The Sum Of All Irrational Fears

April 20, 2017

Did you see that story about the shark in the swimming pool in Bondi? A whaler was washed into the pool and was there for a couple of hours before it was liberated and returned to the ocean. People had no idea and kept swimming in the pool with it, trapped in there. I read that and thought “Faaaaaarrrrrr Out”. I feel that justifies everyone’s irrational fear of a shark popping up in their swimming pool. As does the truly ridiculous movie ‘Shark Pool’.

My Frusband is always having a crack at me about my irrational fear of green frogs. I am absolutely terrified of them thanks to a HFI* (Horrific Frog Incident) when I was young. I won’t go into the gory details – but it was really gory – and involved me hurriedly putting on my knee length riding boots (I was competing at the time) and jumping a clear round with what I thought was a sweaty sock in the toe of one of my boots. It wasn’t. Now, I’m not completely insane Dear Reader, I realised a green frog cannot actually harm me. But isn’t that the point of the irrational fear?

My Bestie Agatha has a theory my fear of frogs is tied into a possible fear of commitment and like the Brothers Grimm tale of the Frog Prince, I should kiss the next green frog that hops on to my veranda just to see what happens. It’s called exposure therapy. I can tell you exactly what would happen – I would scream my head off, scaring the frog which would probably then leap on to me, clinging on with its bobbley, creepy fingers, like the classic sci-fi movie’s face-gripping alien. Eeeeewwwwwww.

Academy Award Winning actor Billy Bob Thornton is scared of antique furniture. The likelihood of a French Louis XV style vintage floral Bergere arm chair attacking him on set is limited at best, but does that mean he isn’t frightened of them? No.

There could be far worse irrational fears – turophobia (fear of cheese) or hylophobia (fear of trees).You know what doesn’t help? Scientists and their fancy-schmancy “research” trying to get to the bottom of these matters. In what comes as absolutely no surprise whatsoever, the majority of genuine arachnophobes (fear of spiders) are women, up to 90 per cent. University of NSW researchers are investigating whether women are more likely to develop a fear of spiders and less likely to respond to treatment for their anxiety at certain times in their menstrual cycle.

I’d just like to stop the researcher’s right there because the answers are yes and yes. Study complete. Well not quite yet, but what they’re doing is taking a bunch of women who are terrified of spiders, and doing exposure therapy. The first part involves the patient talking about their problems with spiders BUT they are NOT allowed call the spider disgusting. Sounds like couples counselling to me. Think about it – SHE is repulsed by HIM, can’t stand to touch HIM and be touched by HIM and HE is largely clueless just going about HIS normal life, crawling about the place.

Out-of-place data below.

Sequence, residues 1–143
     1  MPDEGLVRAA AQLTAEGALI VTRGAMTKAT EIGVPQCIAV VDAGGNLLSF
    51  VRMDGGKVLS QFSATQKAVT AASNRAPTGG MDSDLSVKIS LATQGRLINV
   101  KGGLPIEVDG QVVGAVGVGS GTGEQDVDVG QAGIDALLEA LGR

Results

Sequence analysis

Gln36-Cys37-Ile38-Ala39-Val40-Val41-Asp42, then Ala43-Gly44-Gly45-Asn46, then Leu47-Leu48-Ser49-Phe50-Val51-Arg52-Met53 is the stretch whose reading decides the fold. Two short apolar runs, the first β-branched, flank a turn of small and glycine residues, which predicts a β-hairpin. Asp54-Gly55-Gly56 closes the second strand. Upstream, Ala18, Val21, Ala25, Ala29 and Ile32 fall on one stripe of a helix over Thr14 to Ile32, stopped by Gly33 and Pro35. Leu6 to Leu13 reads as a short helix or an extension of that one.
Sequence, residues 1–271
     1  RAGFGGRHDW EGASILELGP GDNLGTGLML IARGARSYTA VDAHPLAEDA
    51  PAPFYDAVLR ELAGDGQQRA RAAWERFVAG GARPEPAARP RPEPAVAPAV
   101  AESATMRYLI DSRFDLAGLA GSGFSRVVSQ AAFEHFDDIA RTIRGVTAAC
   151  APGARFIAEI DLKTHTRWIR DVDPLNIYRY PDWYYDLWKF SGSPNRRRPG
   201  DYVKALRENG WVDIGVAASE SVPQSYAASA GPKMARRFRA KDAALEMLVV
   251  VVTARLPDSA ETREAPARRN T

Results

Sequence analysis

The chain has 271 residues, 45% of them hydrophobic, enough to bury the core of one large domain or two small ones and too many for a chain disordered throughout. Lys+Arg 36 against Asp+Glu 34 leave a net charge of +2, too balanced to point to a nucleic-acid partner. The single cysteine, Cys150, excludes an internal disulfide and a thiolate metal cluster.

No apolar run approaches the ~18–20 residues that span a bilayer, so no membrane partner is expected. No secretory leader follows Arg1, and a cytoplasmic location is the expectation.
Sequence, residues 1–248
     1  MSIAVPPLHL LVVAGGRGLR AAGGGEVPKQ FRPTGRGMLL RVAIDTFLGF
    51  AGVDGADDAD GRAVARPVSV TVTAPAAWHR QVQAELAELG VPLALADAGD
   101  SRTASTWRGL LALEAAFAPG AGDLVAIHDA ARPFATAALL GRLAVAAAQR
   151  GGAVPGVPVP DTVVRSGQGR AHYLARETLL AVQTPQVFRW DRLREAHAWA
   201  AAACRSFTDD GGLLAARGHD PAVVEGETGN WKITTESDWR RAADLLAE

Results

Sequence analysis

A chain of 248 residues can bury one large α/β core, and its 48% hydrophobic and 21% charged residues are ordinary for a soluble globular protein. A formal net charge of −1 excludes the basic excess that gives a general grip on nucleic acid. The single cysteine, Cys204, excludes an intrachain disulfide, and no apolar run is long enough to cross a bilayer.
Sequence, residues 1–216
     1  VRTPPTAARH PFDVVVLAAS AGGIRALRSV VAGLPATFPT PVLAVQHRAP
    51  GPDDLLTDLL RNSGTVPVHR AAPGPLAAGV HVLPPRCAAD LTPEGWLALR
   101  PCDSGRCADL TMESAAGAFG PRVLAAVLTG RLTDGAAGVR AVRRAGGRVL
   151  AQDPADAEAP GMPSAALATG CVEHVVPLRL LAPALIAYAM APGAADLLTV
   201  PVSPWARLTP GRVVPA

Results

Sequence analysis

Interestingly 40 per cent of people experience no reduction in anxiety after exposure therapy. I’d like to point out that if the women in this study are anything like me during that time of the month then I pity those spiders, as they could be in grave danger and being called disgusting would be the least of their problems. They’d be lucky if I didn’t eat them! Seriously I get so ravenous I will eat anything – in massive quantities. And I’m not always a barrel of laughs to be around.

It reminds of that hilarious movie Mystery Men when William H Macy and co. are trying to recruit another superhero during interviews in his backyard. A woman in a cape rocks up and says “Hi, I’m the PMS Avenger, but I only work one week a month.” Amen to that Sister! Back to arachnophobes, FYI the University of NSW researchers are running a workshop on May 13 at the Australian Museum, should you want to find out more.

If you can’t make it, then I suggest you watch Mutant Giant Spider Dog – it’s hysterical.

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Alexandria Bernard
With a successful 20+ year career in media and communications, Alex’s media portfolio includes contracts as a radio and television presenter (612 ABC, 4BC, Channel 9 and Network Ten) and as a feature writer for bmag and Brisbane Times.

Alex's voice and face may be familiar to you from her voiceover and television commercial work. She has been featured in national radio and TV advertising campaigns, corporate videos and has been a regular MC for major events.